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THE WEALD OF KENT.

The “Wealden ”Formation-General Character of the Country- The Oaks-Goudhurst and the “Smugglers"-Bedgebury

and the Beresfords-Cranbrook and its Industries-Sissinghurst-Sir R. Baker–The Painter's Retreat-Bayham Abbey and its History—The Modern House–Tunbridge-The Castle—Churches and Grammar School – Tunbridge Wells -Penshurst and Sir Philip Sidney-Penshurst Place-The Pictures, The Sidney Family-Hever Castle and the Boleyns-Leeds Castle-Tenterden Steeple and the Goodwin Sands.

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WIDE, dense, primeval forest, chiefly inhabited by the wild

hog and deer, has given place, in the changeful march of ages, to a smiling agricultural country, which, though not

than fairly timbered here and there, retains its ancient Saxon name of the Weald (wald, wold, or wooded land) of Kent. It forms no small portion of the county,

between the north and south downs, with an extension even to the sea-coast at Tenterden. Properly, the Andreadswald, as our remote Saxon forefathers named the great jungle of oak and beech, belongs to Sussex and Surrey, as well as to Kent—nay, has even a part in Hampshire, abutting on Petersfield, whence, and from Farnham in Surrey, away to Hythe, Rye, and Eastbourne, it stretches broadly and irregularly over a geological region which gives the name of “Wealden” to a series of limestone, sand, and clay, in the oolitic formation. Here, then, vast cycles before the period of oak

and beech, of wild deer and hog, huge lizard-like creatures farther removed from human ken, such as the megalosaurus and iguanodon, splashed over the trackless swamp.

But it is with the Kentish Weald that we have, at present, exclusively to deal—the tract which includes much of the fertility and high cultivation that is characteristic of the varied county.

"Kent," says Fuller, “differeth not more from other shires than from itself, such the variety thereof." And what the witty historian of “The Worthies of England” said of Kent, as a whole, may with concentrated force of application be said of the Weald. Though less and less plentifully wooded every year, this transfigured Andreadswald is not wanting in the goodliness of well-grown English timber. The oak is still chief among the trees of this undulating region, as when the oaken houses were overshadowed by their living, green-topped kindred, and when St. Austin reported so well of these forest-lands to Pope Gregory, that the holy father desired a supply of the wood for his churches of St. Peter and St. Paul. Except the long flats of Romney Marsh and the low-lying coast between Walmer and the Isle of Thanet, few parts of Kent are level; and the Weald is a succession of low hills. From the most elevated of these, the view southward, over the rich Weald country—especially in the green summer-tide, or not less in the burnished russet-gold of autumn-is of exceeding beauty. From Goudhurst and its church-tower, finely placed on one of the highest hills in the Weald, the view extends far on all sides, and is most striking in the direction of Bedgebury Park and Wood, the beautiful seat of Mr. Beresford Hope.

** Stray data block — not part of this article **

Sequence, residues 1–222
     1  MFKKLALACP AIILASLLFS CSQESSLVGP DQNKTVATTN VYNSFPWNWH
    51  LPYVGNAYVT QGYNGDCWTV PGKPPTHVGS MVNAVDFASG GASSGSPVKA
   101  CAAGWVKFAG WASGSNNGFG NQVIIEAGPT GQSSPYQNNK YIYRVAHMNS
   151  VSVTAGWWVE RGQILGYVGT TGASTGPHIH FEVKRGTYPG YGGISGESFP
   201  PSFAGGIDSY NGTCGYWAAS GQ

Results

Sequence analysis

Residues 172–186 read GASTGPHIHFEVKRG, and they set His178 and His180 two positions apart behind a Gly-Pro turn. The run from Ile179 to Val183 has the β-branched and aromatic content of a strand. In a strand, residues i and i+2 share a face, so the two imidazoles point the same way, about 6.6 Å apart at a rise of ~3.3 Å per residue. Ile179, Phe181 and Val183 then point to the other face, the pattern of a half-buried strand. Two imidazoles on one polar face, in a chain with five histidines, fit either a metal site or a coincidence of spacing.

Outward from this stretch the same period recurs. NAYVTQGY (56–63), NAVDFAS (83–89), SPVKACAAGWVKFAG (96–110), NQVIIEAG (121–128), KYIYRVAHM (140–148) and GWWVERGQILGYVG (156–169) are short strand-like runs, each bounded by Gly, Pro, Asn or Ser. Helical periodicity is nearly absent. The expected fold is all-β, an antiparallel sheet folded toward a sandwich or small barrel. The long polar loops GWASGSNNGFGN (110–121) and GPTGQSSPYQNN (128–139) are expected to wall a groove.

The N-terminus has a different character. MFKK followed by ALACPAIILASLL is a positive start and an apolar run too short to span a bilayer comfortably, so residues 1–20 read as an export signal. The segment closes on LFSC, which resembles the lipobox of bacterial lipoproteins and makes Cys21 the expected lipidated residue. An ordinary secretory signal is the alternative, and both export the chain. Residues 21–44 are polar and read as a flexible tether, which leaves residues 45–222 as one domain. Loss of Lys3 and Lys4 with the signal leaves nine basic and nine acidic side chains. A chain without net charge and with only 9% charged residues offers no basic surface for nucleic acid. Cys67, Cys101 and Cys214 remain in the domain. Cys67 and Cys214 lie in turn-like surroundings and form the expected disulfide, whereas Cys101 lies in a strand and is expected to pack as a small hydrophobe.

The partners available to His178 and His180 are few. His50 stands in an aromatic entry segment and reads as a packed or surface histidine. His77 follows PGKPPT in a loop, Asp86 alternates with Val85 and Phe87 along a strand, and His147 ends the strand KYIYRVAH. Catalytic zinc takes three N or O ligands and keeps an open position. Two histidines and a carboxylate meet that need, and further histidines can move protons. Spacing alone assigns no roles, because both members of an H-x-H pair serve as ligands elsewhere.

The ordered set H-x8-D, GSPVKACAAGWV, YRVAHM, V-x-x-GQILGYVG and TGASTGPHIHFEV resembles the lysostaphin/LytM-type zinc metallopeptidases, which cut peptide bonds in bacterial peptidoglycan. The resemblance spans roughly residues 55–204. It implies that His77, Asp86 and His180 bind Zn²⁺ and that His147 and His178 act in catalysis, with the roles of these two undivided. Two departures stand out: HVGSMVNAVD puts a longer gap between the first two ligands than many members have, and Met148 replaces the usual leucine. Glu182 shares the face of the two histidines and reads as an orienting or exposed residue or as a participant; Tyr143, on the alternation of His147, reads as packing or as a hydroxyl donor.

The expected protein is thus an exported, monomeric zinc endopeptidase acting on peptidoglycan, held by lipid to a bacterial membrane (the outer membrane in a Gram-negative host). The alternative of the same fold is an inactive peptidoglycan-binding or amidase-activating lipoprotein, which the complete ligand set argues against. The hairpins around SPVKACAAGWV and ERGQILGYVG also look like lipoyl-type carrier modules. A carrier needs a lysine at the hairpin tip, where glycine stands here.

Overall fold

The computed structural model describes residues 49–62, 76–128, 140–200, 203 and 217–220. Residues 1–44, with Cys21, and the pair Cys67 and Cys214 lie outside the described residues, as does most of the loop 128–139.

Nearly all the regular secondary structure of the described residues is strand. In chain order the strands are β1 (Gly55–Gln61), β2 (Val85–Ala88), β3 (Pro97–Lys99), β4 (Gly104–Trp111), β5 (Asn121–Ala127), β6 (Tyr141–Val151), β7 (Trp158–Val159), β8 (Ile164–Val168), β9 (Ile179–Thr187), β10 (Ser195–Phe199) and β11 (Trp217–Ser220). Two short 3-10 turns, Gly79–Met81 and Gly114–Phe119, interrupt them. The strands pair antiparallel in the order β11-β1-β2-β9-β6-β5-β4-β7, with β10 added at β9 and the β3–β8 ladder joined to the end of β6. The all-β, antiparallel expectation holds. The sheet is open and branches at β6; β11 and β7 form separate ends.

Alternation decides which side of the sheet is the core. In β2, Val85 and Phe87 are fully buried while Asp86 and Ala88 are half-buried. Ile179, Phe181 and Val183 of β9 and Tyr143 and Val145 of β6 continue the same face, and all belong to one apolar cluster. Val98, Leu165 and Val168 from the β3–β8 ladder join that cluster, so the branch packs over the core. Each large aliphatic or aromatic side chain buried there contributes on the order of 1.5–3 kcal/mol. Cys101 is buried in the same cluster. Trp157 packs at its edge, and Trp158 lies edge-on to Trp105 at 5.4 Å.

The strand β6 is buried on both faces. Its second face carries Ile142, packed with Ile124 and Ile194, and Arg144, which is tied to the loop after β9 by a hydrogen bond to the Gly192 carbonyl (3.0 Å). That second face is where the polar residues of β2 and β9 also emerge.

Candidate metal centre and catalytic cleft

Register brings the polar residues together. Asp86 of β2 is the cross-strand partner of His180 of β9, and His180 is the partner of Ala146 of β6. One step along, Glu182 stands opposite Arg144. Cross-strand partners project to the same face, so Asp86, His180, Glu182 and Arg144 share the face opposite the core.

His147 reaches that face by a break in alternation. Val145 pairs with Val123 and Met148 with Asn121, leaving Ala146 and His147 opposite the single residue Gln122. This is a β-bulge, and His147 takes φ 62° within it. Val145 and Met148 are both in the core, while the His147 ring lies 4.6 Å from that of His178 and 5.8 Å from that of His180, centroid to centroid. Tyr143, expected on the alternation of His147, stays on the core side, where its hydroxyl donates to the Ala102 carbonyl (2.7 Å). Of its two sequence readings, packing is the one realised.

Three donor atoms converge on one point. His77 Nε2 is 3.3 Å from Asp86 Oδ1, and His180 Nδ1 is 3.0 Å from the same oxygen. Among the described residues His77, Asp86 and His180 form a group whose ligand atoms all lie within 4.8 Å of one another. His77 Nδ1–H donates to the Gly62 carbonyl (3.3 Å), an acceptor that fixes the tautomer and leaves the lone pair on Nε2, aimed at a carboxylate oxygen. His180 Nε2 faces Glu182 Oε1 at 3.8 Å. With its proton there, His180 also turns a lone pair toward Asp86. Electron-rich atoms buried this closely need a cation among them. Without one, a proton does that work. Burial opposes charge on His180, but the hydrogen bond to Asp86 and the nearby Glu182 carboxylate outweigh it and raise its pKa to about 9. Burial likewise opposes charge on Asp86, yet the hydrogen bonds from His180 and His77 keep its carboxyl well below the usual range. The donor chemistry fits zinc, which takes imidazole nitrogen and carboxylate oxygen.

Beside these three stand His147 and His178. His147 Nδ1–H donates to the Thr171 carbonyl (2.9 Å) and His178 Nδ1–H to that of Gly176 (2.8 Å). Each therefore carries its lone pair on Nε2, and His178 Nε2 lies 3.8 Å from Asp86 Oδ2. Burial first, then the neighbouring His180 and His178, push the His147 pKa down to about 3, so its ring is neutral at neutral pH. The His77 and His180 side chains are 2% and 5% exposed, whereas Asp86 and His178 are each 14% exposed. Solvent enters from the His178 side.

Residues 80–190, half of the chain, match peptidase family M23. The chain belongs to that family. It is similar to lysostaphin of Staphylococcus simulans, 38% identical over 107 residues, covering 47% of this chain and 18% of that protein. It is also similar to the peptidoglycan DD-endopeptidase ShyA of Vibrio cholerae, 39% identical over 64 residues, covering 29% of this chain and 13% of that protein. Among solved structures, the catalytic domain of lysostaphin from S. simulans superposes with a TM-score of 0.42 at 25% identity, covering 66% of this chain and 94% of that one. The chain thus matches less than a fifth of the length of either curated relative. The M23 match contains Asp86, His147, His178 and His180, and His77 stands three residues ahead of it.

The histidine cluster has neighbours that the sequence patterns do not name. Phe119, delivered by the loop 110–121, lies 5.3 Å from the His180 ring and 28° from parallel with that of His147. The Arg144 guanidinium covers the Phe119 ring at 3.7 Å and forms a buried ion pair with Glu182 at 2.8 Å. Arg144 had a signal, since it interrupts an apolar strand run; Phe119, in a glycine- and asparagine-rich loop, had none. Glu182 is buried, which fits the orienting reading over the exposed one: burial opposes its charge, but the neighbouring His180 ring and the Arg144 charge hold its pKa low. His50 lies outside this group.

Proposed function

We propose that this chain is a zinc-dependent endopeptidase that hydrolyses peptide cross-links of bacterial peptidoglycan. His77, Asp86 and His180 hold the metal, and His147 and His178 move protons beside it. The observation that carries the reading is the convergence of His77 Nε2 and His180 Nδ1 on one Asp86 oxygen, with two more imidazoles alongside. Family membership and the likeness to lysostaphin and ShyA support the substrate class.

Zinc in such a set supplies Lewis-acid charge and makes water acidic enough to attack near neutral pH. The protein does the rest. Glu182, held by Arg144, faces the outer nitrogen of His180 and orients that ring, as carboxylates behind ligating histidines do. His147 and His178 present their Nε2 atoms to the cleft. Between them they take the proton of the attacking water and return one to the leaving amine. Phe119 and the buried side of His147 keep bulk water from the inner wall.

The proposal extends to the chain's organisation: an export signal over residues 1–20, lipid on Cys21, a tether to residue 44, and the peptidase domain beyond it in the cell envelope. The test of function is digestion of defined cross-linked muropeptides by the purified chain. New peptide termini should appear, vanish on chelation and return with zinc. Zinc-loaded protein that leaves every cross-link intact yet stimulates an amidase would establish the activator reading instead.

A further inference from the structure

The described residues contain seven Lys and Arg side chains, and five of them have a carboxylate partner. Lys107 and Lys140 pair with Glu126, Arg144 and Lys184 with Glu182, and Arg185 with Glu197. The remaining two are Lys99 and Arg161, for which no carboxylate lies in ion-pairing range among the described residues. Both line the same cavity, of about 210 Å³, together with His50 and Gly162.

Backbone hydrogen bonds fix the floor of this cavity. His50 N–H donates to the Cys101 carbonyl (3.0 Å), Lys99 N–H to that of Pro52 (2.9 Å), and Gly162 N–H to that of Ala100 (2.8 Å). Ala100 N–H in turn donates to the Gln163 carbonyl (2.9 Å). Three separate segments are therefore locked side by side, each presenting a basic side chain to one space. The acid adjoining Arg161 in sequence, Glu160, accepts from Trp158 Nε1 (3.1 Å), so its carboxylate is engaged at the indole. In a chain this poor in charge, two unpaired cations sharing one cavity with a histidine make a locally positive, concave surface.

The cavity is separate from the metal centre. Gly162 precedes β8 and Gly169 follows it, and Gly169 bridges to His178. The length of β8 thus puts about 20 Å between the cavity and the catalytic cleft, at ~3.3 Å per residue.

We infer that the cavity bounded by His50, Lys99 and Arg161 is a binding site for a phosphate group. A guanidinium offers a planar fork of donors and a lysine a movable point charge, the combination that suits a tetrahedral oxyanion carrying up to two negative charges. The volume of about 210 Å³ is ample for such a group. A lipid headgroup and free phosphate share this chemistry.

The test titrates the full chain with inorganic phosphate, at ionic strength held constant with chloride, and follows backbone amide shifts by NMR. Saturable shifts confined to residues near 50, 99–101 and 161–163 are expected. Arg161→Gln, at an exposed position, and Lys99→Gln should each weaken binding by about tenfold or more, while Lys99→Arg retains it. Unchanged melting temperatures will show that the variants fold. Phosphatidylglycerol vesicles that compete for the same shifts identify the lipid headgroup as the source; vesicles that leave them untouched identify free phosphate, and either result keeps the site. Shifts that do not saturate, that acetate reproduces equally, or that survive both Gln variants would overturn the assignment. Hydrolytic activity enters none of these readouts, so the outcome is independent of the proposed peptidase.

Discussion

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Round about Goudhurst the scenery is memorable for the daring exploits of Radford and his band, the originals of Mr. G. P. R. James's most prominent characters, in his novel “The Smugglers.” The old Church of St. Mary contains monuments and brasses of the Colepeppers of Bedgebury, as well as of the older Bedgebury family “of that ilk." The park, so advantageously beheld from the tower of St. Mary's Church, was long the seat of the Bedgeburys and Colepeppers, their ancient moated house having been swept away, and its site covered by one of the four lakes. We are left, then, to imagine the kind of mansion in which Queen Elizabeth was received by one of the Colepeppers when she was journeying through the Weald. The present mansion was built, towards the close of the seventeenth century, by Sir James Hayes, with funds

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derived from a successful speculation with his step-son, Lord Falkland, and others — as mentioned by Evelyn—to recover the freight of a sunken Spanish treasure-ship. This strange origin of the house at Bedgebury is recorded in Latin on the foundation-stone, a duplicate of which is preserved within the building. It is a square pile of red brick faced with sandstone of the district, and increased in size and imposing adornment by successive owners. Wings were added by Field-Marshal Lord Beresford, who purchased the estate in 1836; and his lordship’s heir, Mr. Beresford Hope, has re-cast it in the French taste of the Louis XIV. period, with a Mansard roof and a lofty clock-tower, . The interior is rich in ornamented ceilings, and still more, it is hardly necessary to say, in paintings, carvings, tapestry, metal-work, china, and various other objects of exquisite art. The chapel is adorned with Italian pictures; a carved oak reredos, set with seventeenth century plaques of Scriptural scenes, both in repoussé silver and carved ivory; and a window skilfully filled, by Mr. Clayton, with a series of the Parables, in grisaille.